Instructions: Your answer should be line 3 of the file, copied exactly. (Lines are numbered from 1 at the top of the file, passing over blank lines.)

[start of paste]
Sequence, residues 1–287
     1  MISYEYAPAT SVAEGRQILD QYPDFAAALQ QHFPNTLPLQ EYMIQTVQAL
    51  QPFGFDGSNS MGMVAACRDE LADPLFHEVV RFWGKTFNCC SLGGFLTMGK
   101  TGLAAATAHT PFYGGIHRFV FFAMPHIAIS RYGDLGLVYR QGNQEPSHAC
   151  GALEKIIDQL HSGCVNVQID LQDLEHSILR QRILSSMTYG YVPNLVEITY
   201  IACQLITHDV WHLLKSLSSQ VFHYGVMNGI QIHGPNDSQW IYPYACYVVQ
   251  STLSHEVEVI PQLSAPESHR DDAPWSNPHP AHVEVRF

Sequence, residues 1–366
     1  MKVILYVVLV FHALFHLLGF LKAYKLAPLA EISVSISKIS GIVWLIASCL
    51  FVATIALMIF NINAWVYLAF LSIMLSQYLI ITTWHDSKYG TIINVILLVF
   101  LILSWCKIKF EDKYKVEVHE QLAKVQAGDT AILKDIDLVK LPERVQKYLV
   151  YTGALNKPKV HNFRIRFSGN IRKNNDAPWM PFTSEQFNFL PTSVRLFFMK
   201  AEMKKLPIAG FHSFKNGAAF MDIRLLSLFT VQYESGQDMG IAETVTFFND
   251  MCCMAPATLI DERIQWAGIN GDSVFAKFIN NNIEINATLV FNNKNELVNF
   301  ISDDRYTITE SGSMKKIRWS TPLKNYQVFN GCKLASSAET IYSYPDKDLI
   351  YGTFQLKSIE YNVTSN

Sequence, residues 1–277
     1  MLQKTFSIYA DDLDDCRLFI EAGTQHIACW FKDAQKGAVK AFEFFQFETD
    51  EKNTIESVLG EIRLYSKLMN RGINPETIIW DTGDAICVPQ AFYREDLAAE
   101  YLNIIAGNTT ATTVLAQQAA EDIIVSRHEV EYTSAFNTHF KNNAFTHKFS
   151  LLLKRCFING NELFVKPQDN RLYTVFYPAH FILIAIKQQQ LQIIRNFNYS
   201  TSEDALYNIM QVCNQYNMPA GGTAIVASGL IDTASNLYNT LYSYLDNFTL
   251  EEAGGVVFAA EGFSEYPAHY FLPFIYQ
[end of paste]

    51  QPFGFDGSNS MGMVAACRDE LADPLFHEVV RFWGKTFNCC SLGGFLTMGK